ANKARA // The Syrian rebel groups that Turkey has allowed to proliferate near its border include many who have said they have no problem fighting alongside Al Qaeda against the president, Bashar Al Assad.
“Al Qaeda is helping us, while foreign countries are not,” said Besil Abu Arab, 20, a member of the Ahrar Al Sham militia, as he received treatment in a makeshift hospital in the Turkish border town of Reyhanli.
Mr Abu Arab has lost movement in his left arm since he was shot near Aleppo a month ago.
Abu Imar Halebi, a fighter with the Aleppo-based movement Abu Amara, agreed that Al Qaeda fighters were an asset. He said he did not oppose their goal of establishing Islamic law in Syria, though his own group prefers to explain its benefits and win popular assent rather than impose it by force.
The spread of such groups in Nato-member Turkey, as well as recent signals of impatience from Saudi Arabia, highlight the different priorities between the US and its Muslim allies over Syria.
Concerns that Islamist militants may benefit played a part in the decision by the administration of the US president, Barack Obama, to step back from using force against Mr Al Assad’s government in September. For its allies, the calculation may be different.
“Turkey should try to reduce the influence of the Al Qaeda-affiliated groups,” said Stephen Larrabee of Rand Corp, a policy institute in the US. “The longer this goes on, the more they are likely to be strengthened.”
He said Turkey initially downplayed the risk from Islamist radicals because it was more concerned about Kurdish separatists in northern Syria, who have fought against the groups. “But after a while, they began to see the danger.”
Turkey is a sponsor of the Free Syrian Army, the West’s preferred opposition group in Syria, and denies it has ever permitted the more extreme groups fighting in Syria to operate from Turkish territory.
“Organisations like Nusra or Al Qaeda can’t find shelter in our country,” said the Turkish prime minister, Recep Tayyip Erdogan, whose government has Islamist roots. He was referring to Jabhat Al Nusra, one of the biggest Islamist groups in Syria and classified by the US as terrorists linked to Al Qaeda.
In mid-October, Turkey’s army said it fired at fighters from Al Qaeda’s Iraq wing, Islamic State in Iraq and the Levant, across the border after a mortar round landed near a Turkish frontier post. Islamic State in Iraq and the Levant has emerged as one of the fiercest of the rebel groups.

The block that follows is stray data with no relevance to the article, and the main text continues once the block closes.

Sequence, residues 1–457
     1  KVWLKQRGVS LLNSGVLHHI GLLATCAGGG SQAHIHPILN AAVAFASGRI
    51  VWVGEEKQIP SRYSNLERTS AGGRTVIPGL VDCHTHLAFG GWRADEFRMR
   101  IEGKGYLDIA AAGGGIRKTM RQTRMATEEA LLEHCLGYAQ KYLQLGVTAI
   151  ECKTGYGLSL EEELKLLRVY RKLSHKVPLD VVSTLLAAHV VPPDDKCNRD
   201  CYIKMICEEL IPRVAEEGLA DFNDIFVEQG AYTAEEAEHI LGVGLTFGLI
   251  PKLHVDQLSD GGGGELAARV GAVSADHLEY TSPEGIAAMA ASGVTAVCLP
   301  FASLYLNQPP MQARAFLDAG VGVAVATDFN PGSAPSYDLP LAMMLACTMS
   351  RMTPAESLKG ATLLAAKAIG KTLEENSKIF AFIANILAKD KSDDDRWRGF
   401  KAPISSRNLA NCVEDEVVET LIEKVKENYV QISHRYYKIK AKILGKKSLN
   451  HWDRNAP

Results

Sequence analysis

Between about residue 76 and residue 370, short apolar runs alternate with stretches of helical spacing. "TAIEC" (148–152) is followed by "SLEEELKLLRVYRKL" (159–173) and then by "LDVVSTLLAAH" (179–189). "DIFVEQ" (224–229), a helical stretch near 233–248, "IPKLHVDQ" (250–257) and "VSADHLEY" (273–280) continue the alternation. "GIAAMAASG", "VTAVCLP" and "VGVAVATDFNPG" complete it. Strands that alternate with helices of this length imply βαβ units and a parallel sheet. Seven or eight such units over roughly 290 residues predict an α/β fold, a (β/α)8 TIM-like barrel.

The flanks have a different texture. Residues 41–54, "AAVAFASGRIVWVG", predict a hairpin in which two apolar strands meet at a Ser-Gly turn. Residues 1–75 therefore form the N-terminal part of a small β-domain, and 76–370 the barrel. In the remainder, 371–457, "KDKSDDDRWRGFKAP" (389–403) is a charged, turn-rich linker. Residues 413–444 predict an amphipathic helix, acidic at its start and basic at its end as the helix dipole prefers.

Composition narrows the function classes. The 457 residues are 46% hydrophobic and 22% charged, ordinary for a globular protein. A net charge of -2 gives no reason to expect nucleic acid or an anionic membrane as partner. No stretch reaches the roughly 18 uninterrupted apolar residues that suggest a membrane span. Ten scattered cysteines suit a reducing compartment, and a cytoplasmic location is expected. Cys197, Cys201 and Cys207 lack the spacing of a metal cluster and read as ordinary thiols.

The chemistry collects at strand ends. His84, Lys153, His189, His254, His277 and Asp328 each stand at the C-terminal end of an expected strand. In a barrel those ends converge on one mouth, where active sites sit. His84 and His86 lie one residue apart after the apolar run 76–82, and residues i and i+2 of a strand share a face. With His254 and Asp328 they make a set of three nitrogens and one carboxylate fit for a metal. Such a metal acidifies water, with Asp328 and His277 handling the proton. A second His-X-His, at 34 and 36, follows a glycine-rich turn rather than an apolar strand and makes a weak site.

Salih Muslim, the leader of the main Kurdish party in Syria, told Istanbul’s Taraf newspaper that Turkey had been supporting Al Nusra and Al Qaeda and has now stopped, “or at least that’s how it looks”.
Mr Al Assad’s government also charges Turkey and Saudi Arabia with supporting Islamic extremists fighting against him.
Saudi Arabia indicated last month that it doesn’t consider the US-backed rebels effective and that confining assistance to them would handicap the fight against Mr Al Assad. Saudi Arabia’s main regional rival, Shiite-ruled Iran, is Mr Al Assad’s closest ally.
Among the refugees in Turkey, many are uncomfortable with the gains that the extremists have made.
Nasir Hackasim, who runs a restaurant near a refugee camp at the Turkish border post of Oncupinar, said he had a glimpse of what Islamist rule in Syria would look like.
Mr Hackasim escaped from his hometown, Azaz in northern Syria, last year with his wife and nine sons when Mr Al Assad’s forces stormed the area and came looking for him as a rebel collaborator. He went back a month ago after Al Qaeda drove Mr Al Assad’s forces out and found the town under the control of militants who order women to cover up and stay indoors, force men to attend mosques and have set up Sharia courts.
“They are even beating smokers with sticks,” the kebab chef said, puffing on his cigarette. “It’s my hometown, I’ll eventually go back, but I can’t live under such radicals.”
Mr Hackasim said he realised during his trip home that extremist groups are supported by many Syrians, not just for religious reasons. He said the Islamists won over many poor people by distributing aid equally and punishing looters with death.
Mr Larrabee said gains by Islamists had raised the prospect of a Syria that “would be as bad as if not worse than one dominated by Assad”.
Nearer the front-line, the priorities often look different.
Salahaddin Marasli is a 56-year-old refugee in Reyhanli who supports the western-backed rebels and wants the militants reined in. Yet he understands why that’s unlikely to happen while they’re both fighting Assad, and maybe afterwards too.
“The Free Syrian Army can’t afford to fight on two fronts,” Mr Marasli said at his juice shop. “It’s a big problem. When the war is over, it will be very difficult to force Al Qaeda out of Syria.”